The crowds were out and for the first half of the race you run through the city before heading out to the east to a small village before coming back on yourself.  It was at this point 2 things happened.

1 I realised how fast the elite move at! watching them on the other side of the road heading back to the city centre they looked fresh and very quick!  Their pace was blistering!

2 Mothers never listen! I was wearing my Aftershokz Blues to help with the harder parts of the course and suddenly they started ringing……… ‘Hello?’ “hi son, just checking you got my good luck text?” ‘yes mum but I have begun the race’ “oh ok, while I have you on the phone……………” Bless she stayed on for a further 5 minutes to the amusement of those around me!

After my mum had finally hung up i hit the part of the course that I would later realise was the undoing of my good work! From about mile 15 we hit London Road, the road was long and straight and you could see the runners coming back the other way.  The road seemed to go on for ages before the turn around.  The temperature was getting hotter and my sub 4 pace was slipping and my body was not willing to speed up.  I had kept to the plan.  Taking on gels every 5km and I took on water at every station as it was hot!

After you leave the straightness of London road you headed out again towards the Power station on the only part that had very few crowds.  The concrete walls and tarmac road was not overly inspiring but at least there was a Saucony cheer point.  We had set messages up for each other at the expo and seeing the cheer was just what I needed as i had reached 23 miles and was uncharted territory!

The final stages were along the beach front.  I felt disconnected from the loud crowds cheering me on.  My body had gone into auto pilot to get to the finish.  Although being disconnected I believe that the crowds were the extra bit I needed to help finish, I could see the pier so I knew I was close, my legs began to cramp but I was determined not to walk in the final miles.  I hit the pier only to realise i had more to run, luckily it was not far and it was down hill!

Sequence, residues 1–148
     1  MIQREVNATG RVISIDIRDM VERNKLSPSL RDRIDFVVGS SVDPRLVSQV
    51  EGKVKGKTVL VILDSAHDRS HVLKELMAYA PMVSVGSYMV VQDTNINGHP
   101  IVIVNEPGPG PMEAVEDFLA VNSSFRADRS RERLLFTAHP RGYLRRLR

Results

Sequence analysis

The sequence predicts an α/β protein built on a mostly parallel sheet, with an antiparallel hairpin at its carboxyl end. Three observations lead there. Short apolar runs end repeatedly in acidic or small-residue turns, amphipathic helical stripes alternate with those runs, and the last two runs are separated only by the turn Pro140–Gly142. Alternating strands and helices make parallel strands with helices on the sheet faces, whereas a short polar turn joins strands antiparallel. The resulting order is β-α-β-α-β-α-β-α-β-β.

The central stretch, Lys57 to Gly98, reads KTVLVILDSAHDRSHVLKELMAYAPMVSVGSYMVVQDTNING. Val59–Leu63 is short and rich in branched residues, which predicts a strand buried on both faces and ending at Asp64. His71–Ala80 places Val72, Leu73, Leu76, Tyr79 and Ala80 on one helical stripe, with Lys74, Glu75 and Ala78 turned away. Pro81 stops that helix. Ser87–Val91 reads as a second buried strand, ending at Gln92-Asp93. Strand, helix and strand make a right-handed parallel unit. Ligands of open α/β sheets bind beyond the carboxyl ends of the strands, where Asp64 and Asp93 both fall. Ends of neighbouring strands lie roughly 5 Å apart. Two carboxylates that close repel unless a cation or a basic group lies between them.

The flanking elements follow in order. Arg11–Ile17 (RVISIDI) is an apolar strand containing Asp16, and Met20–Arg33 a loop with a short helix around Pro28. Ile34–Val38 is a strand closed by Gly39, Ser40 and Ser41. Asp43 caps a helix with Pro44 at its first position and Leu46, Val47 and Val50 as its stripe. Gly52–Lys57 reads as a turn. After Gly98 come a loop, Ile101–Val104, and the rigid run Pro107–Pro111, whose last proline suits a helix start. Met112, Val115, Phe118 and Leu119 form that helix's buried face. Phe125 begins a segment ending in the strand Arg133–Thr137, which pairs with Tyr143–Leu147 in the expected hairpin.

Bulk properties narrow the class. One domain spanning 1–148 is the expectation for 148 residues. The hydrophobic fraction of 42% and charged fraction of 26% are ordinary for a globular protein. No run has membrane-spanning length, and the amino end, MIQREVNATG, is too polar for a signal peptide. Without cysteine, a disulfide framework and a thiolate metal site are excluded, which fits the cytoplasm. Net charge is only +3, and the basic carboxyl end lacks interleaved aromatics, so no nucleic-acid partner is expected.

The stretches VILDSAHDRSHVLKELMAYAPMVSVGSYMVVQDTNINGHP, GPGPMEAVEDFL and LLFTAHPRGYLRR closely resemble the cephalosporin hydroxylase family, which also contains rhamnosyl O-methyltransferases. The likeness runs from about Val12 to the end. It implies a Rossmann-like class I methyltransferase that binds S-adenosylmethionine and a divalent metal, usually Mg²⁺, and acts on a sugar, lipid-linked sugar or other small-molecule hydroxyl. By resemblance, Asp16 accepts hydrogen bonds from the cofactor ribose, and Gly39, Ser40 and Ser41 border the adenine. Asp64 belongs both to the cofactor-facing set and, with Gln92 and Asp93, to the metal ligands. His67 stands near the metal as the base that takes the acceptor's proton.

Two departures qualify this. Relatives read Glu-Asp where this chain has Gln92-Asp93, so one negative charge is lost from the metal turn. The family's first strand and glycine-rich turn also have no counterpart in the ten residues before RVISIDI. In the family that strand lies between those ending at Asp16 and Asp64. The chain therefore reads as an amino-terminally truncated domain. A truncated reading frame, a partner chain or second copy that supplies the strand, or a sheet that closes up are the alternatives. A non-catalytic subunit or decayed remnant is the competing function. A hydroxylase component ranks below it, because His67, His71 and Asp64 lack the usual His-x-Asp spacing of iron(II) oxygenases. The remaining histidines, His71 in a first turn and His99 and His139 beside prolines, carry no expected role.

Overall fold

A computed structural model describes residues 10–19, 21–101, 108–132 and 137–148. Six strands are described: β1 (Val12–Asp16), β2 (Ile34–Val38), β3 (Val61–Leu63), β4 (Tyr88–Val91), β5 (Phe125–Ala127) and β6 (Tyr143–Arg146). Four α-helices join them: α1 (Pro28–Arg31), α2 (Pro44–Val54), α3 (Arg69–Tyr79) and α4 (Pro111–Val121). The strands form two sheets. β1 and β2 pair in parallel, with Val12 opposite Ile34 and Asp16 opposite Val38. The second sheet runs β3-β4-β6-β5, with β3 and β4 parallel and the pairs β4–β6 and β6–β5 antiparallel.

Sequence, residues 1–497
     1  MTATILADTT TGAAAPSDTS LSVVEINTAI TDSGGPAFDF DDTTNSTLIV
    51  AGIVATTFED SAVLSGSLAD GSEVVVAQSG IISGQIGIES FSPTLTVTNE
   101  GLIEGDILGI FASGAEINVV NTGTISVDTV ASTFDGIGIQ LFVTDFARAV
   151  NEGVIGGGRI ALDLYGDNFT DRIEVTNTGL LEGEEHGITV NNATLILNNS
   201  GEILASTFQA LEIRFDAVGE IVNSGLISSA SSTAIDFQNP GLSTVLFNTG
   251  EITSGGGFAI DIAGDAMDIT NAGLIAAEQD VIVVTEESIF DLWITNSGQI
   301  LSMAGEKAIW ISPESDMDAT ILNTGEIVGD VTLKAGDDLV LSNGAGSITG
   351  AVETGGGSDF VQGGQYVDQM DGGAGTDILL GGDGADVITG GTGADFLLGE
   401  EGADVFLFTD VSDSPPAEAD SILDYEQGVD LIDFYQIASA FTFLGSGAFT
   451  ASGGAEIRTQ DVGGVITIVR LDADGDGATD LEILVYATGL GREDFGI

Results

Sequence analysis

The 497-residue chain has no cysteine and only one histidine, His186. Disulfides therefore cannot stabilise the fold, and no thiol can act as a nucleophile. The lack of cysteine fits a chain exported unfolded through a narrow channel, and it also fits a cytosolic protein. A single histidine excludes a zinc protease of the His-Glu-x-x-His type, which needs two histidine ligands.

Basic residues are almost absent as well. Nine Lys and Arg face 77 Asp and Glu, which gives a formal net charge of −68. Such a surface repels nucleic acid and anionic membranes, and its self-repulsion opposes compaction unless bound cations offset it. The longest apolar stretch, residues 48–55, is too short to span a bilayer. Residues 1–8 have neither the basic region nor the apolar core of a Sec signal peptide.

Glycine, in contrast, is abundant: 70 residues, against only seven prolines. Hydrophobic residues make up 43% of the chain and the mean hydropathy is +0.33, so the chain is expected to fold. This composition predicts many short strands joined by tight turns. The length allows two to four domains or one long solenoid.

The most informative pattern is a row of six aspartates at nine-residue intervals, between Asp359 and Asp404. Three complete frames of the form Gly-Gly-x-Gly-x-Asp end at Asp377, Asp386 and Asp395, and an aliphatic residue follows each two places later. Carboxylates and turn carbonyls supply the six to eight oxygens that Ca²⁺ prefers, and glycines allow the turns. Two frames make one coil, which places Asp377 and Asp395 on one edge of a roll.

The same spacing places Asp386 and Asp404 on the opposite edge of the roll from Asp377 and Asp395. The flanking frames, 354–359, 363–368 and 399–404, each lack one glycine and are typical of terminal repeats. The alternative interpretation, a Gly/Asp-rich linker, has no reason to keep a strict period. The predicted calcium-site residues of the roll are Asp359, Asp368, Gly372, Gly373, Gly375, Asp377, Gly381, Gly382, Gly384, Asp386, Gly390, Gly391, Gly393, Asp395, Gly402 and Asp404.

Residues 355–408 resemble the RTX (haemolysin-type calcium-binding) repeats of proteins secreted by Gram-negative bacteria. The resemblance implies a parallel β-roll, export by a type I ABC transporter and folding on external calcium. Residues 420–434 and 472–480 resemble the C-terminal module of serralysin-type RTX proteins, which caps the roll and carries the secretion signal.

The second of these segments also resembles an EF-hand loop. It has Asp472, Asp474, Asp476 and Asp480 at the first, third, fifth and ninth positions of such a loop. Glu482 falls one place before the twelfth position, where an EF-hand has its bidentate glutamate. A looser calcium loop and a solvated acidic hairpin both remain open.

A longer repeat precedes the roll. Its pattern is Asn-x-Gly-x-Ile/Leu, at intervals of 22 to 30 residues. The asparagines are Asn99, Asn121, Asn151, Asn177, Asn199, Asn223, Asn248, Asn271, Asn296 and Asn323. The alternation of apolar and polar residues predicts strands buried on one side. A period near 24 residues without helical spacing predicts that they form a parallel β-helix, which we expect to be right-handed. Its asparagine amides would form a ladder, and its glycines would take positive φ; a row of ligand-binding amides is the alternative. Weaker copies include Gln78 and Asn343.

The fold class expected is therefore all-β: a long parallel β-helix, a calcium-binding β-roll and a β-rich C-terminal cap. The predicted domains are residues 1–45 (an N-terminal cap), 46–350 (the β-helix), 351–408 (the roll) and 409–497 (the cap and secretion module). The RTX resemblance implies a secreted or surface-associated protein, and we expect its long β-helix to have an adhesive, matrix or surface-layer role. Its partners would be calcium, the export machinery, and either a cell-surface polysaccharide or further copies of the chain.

The line got closer and closer and the crowds louder and louder.  Even in my daze i picked out some friends in the crowd but my focus was just in finishing!  I crossed the line and blubbed like a baby.  The emotions from 26.2 hard miles washed over me and I hugged the sweaty guy next to me as I was given my medal.

I had done it! I had become a marathoner.  It was the hardest thing I have ever done but was it worth it? OH YES! How long before I signed up to my next one? 4 days! Paris here I come!


When does a Jogger become a Runner?

Now don’t get me wrong, as hard hitting discussions go this is no biggi! The answer will not solve world wars, poverty or the current economic crisis but it is a question I have asked myself and others several times on my late and short running career and I’m not sure if I have really found a true answer?!

Being a BAR (Born Again Runner), finding love for running close to my 40th birthday, I am regularly called a jogger by friends and work mates.  It creates a feeling inside me of anger and frustration.  So when do you pass through that golden portal and lose the label of being a jogger.  There are several theories but I’m not quite sure if they get it? Some say it comes down to times, speed, frequency or even competition but I’m not really sure if any of these are correct.

I came to running late.  I was 37 and took it up after offering help to a friend.  My mate is a blind footballer and was hoping to up his training prior to London 2012 and the rest is history.  He is 10 years younger and far fitter now and even more so then.  Even though I’m a PE teacher apart from a bit of mountain biking and swimming my fitness had fallen by the wayside due to the arrival of children and work pressures but I was keen to embark on this new challenge to help a friend out.